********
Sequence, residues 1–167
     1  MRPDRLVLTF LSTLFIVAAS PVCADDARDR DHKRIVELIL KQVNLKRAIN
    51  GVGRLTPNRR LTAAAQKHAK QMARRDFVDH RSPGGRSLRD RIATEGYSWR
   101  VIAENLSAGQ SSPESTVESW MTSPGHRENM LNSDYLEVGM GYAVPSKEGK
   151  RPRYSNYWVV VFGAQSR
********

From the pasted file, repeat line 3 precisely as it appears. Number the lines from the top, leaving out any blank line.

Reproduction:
    51  GVGRLTPNRR LTAAAQKHAK QMARRDFVDH RSPGGRSLRD RIATEGYSWR